The Problem with Purely Positive/Force Free Training #1 – Intro

The Problem with Purely Positive/Force Free Training #1 – Intro

In this series of articles I speak to some of the common thinking errors and myths perpetrated by the purely positive or force free type training community. Allow me to preface this series by saying that I am well aware of how to use a clicker, treats, toys, manage thresholds, stimulation, and motivation in dog training. In fact I use many of these training tools in my own practice often in concert with other techniques.

In this series of articles we examine this topic in depth. I will endeavor to use many real world examples to illustrate my points and keep things interesting.

You just bought a puppy or brought a dog home from the shelter and it’s time to look into getting your new four legged friend some training. A quick google search and you start seeing certain phrases repeat themselves on almost all the training websites and blogs you go to. 

Positive training, force free, clicker training, science based, free shaping, and I am sure some others I am forgetting. You are new to this whole training thing or maybe you have been through a class with a previous dog, either way your interest is piqued. You call up one of these trainers or do some more research on google.

The basic themes you quickly pickup from your research is that the only way to properly train your new dog is through positive reinforcement exclusively using motivation and removing all forms of punishment or corrections. Any form of punishment or correction is abuse and violence. Punishment elicits pain and fear. Good trainers do not need pain and fear to train dogs. Dogs are our friends and we don’t hurt our friends. Science has proven dogs learn more quickly through motivation and positive reinforcement. All positive training is science based and any training that incorporates corrections is stone age Neolithic barbarism that should be condemned.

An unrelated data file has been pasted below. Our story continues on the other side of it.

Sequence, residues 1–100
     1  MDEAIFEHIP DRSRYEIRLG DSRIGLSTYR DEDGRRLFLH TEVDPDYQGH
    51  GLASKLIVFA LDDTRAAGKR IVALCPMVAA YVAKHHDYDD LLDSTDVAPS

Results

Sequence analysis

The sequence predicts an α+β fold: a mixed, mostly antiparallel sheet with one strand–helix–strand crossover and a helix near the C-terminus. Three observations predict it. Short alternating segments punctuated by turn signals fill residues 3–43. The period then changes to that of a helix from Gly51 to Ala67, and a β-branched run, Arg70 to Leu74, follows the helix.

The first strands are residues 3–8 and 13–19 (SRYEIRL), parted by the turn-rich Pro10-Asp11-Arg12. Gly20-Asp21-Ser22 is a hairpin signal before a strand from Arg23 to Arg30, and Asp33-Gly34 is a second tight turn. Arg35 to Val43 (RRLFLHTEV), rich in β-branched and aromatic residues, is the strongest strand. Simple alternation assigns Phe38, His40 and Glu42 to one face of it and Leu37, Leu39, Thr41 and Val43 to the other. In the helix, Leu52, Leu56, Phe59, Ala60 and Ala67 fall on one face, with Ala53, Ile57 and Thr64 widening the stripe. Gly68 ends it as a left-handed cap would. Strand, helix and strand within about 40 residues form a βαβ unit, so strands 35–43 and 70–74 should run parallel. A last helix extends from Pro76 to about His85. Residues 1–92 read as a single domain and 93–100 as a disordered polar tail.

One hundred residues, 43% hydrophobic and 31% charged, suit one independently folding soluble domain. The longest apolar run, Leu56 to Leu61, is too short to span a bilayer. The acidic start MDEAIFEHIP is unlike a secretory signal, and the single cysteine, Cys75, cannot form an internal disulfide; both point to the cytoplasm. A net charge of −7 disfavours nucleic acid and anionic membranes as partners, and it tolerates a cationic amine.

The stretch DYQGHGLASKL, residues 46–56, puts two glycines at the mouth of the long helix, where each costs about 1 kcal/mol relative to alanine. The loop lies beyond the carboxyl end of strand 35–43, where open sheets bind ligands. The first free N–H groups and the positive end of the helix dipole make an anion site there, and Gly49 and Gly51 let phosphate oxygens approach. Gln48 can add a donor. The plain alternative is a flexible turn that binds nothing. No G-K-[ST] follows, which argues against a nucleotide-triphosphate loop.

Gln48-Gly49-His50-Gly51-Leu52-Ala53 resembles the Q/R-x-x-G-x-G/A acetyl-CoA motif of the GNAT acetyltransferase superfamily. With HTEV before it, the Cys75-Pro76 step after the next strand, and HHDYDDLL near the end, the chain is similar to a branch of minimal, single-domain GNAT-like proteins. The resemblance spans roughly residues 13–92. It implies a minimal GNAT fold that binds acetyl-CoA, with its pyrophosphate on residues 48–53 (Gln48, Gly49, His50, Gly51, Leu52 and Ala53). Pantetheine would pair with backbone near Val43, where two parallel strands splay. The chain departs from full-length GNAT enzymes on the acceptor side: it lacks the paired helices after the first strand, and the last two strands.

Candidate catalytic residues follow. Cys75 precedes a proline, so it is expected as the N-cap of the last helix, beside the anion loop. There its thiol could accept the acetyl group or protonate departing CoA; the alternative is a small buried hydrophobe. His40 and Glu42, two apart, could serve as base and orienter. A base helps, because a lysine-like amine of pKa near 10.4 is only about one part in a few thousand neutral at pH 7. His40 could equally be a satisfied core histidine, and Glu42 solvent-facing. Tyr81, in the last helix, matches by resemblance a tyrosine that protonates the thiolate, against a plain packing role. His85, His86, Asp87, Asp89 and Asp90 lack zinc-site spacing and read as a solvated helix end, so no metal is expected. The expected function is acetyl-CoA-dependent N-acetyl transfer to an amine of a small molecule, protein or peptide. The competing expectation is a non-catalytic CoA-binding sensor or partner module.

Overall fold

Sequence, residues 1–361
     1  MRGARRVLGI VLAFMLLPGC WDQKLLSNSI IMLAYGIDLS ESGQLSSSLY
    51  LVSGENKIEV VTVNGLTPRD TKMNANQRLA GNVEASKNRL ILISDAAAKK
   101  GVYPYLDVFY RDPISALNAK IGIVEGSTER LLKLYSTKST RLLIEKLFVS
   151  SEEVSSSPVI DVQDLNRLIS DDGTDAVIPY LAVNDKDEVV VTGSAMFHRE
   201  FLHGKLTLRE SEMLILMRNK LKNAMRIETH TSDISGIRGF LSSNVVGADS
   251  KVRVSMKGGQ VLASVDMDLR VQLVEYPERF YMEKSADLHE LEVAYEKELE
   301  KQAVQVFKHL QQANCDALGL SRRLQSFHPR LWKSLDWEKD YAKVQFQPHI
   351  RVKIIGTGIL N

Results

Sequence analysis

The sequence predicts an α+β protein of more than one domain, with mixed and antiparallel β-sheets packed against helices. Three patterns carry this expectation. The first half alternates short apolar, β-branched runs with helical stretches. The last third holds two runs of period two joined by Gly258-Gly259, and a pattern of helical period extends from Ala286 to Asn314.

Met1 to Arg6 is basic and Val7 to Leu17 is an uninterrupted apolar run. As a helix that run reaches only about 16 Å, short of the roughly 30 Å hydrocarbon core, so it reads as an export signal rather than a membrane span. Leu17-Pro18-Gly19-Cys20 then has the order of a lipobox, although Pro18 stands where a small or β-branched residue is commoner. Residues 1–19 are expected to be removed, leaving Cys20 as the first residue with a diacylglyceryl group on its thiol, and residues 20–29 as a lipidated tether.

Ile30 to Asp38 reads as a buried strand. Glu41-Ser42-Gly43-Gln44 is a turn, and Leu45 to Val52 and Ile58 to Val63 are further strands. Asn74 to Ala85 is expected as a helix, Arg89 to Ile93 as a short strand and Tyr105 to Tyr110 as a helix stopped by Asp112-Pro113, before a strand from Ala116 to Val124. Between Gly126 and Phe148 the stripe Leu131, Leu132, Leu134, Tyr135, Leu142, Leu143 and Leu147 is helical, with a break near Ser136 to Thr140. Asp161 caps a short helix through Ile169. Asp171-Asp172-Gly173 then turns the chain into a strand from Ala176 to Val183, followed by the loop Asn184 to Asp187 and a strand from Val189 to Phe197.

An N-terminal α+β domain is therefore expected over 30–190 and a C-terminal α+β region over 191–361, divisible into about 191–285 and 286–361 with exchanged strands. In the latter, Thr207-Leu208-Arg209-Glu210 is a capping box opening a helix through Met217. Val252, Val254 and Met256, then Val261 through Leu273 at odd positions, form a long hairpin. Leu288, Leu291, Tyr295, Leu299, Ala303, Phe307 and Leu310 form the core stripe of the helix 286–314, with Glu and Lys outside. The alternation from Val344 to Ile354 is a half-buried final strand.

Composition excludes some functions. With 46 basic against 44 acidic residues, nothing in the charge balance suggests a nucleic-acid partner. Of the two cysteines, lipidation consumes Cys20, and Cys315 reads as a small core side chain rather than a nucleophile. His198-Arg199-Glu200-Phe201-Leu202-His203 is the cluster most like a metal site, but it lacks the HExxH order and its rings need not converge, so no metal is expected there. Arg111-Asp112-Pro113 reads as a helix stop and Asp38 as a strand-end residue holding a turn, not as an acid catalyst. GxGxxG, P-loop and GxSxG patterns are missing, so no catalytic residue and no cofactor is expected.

If that doesn’t convince you or scare you away from any alternate form of training I don’t know what will. The truth is most dog owners don’t even bother with anything more than the most perfunctory research. They read or hear some form of what I wrote above and take it as gospel. Let’s not forget the fact that most people love their dogs like family and the thought of only training with love and treats is appealing in and of itself. 

These people sign up for such training and results are often inconsistent or non-existent when they have their dogs out in the real world. After all, they have been assured online or by their trainer that there is no other way to train a dog. So, what else can they expect or do?

Most dog owners make do with problem behaviours, inconsistent obedience, and just learn to manage. Things aren’t perfect but hey, you love your dog and are willing to make some sacrifices to your life style.  Or worse, your dog develops serious or dangerous behavioural issues and you end up having to isolate, rehome, or even put the dog down.

I am here to tell you that all that stuff you were told or read is misleading, incomplete, or utter lies. I often compare purely positive / force free type training to the type of parents who started cropping up in the 60s that advocated against disciplining children in any way, making every experience happy and positive and sheltering the children from any kind of responsibility or adversity. After all, the results of such an approach in dogs and children are often the same.

Unfortunately, I do not have the time to write the book this topic deserves however I will attempt to speak to a lot of the issues, errors, and results of purely positive / force free type training. I will be writing a series of articles to discuss this topic in depth.

Stay tuned!


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